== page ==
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  5. I just showed my husband your deliciously looking grilled ribs! He also enjoys making BBQ (ex boy scout) this is his simple sauce, maybe not as good as the American way but a bit different and works fine with us: balsamico vinegar, rosemary, sage, laurel, red wine, (or beer) onion, cayenne pepper and marinate the meat for about 5 hours. Greetings Maria x

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    1. Sorry, it was meant paprika and not Cheyenne pepper. Reading Aril's comment I noticed my mistake.

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    2. Mine were quite good, but I was after something much better. I'll try adding the Paprika.

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  6. Smoked paprika adds is my favourite.
    Arilx

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    1. Smoked Paprika is a wonderful spice. I use it a lot.

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  7. Try adding some soy sauce, rum, garlic and mustard to the ingredients that you use Cro. Some recipes add a bit of chili too. Use the honey .... I think that's what gives them the sticky, yumminess !!!!
    .... and, I think it helps to put them in a plastic bag with the sauce and then into the fridge for up to 3 days before you BBQ them. XXXX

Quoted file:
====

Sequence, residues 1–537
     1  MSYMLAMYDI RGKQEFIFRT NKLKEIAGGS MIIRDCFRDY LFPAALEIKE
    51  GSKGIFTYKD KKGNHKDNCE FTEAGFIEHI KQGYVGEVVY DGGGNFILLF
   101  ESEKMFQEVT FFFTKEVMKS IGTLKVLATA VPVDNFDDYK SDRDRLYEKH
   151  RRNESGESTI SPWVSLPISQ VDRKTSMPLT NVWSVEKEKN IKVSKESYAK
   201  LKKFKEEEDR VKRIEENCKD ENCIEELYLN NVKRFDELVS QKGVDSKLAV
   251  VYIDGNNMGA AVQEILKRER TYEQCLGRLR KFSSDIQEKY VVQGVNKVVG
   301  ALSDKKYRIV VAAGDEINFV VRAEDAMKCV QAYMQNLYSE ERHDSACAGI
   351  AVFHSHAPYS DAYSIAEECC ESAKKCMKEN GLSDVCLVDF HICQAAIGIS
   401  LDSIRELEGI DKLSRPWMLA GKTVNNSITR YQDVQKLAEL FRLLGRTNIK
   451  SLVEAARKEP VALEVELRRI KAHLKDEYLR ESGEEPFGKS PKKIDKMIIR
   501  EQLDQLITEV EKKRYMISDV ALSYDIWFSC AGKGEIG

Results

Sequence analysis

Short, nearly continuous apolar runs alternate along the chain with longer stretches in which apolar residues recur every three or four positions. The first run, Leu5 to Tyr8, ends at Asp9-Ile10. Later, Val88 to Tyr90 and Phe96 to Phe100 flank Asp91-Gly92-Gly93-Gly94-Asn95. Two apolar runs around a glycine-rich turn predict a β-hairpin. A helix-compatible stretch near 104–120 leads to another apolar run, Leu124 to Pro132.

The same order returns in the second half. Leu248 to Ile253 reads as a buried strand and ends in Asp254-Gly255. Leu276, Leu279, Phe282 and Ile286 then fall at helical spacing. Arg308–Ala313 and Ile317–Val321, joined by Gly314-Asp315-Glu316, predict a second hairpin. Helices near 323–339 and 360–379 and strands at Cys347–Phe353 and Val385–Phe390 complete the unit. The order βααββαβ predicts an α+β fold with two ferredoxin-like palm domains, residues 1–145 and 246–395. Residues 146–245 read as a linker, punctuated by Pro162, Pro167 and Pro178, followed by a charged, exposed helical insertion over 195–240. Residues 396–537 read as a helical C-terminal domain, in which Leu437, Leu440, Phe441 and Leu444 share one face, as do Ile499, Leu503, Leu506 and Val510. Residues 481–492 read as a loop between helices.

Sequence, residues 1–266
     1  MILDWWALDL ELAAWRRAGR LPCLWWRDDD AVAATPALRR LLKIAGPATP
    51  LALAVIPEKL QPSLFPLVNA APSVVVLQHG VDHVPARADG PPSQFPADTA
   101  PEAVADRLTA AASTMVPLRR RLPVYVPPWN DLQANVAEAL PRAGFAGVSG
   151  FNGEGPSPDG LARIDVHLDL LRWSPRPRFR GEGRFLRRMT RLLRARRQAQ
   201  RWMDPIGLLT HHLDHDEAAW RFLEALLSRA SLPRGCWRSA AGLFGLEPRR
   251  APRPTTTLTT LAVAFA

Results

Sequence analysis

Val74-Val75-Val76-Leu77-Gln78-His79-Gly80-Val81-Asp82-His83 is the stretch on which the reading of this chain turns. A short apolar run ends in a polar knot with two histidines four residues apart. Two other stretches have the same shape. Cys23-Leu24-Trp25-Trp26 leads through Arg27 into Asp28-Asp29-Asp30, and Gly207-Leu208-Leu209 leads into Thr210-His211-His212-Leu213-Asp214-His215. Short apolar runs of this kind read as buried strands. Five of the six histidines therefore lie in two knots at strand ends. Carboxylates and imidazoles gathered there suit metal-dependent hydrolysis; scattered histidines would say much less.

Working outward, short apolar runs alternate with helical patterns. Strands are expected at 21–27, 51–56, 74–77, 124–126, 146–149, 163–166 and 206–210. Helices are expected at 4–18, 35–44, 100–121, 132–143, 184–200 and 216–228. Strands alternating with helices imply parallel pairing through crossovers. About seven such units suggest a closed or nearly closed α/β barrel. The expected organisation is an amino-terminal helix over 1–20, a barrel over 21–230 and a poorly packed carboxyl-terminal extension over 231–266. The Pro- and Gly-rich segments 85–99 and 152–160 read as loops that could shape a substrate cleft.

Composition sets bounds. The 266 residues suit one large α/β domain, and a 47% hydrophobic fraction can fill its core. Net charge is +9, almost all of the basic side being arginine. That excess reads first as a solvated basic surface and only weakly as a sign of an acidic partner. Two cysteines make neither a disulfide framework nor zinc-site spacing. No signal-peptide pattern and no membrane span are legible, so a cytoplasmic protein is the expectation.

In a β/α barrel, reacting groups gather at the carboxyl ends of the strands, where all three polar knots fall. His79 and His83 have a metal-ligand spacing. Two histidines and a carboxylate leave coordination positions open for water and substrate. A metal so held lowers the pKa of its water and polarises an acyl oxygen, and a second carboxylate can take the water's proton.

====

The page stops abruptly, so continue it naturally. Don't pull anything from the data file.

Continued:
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    1. I've never tried the plastic bag bit... I'll have a go at that. Thanks.

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  8. Lou makes a mean BBQ sauce - same ingredients.

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  9. Jennifer and angryparsnip have it right.
    And like parsnip says, you need a dry rub first and 'marinate' it for a few hours, at least.
    I also first cook them slow in the oven before letting them get anywhere near the BBQ.

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    Replies
    1. I'm beginning to understand where I go wrong.

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  10. I make a wet (ish) rub with coarse-grained garlic mustard ... just enough to thinly coat. Mix tomato puree, apple cider vinegar, a bit of cayenne pepper and a touch of honey if you like a little sweetness. Brush it on during the last 5 minutes of cooking and reserve some for dipping. Like Patricia, I cook them low and slow in the oven first.

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  11. I'd keep the other ingredients but I'd ditch the worcestershire sauce (don't like it)and replace it with Frank's Hot Pepper Sauce or tabasco. I'd bung it all on before cooking ... but what do I know? I don't even have a bbq! I use this on oven baked chicken.

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    1. I presume oven baking is less likely to burn too. See pic above.

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  12. I wish I could add something but here in America, BBQ is a man's thing. The Retired Man is in charge of the grill and he does a great job with the ribs. He does cook them in the oven first though.

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  13. I recently read in a blog (but can't remember which!) of a revolutionary idea for BBQ'd Spare Ribs. They were cooked all day in a slow cooker, wound round and round and stood up on end. The secret ingredient was coca cola. They were then finished under the grill to crisp up the outside. And this isn't an April Fools Joke!

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    1. Nigella Lawson has a recipe for cooking ham in coke. I've not tried it, but she swears that it's amazing.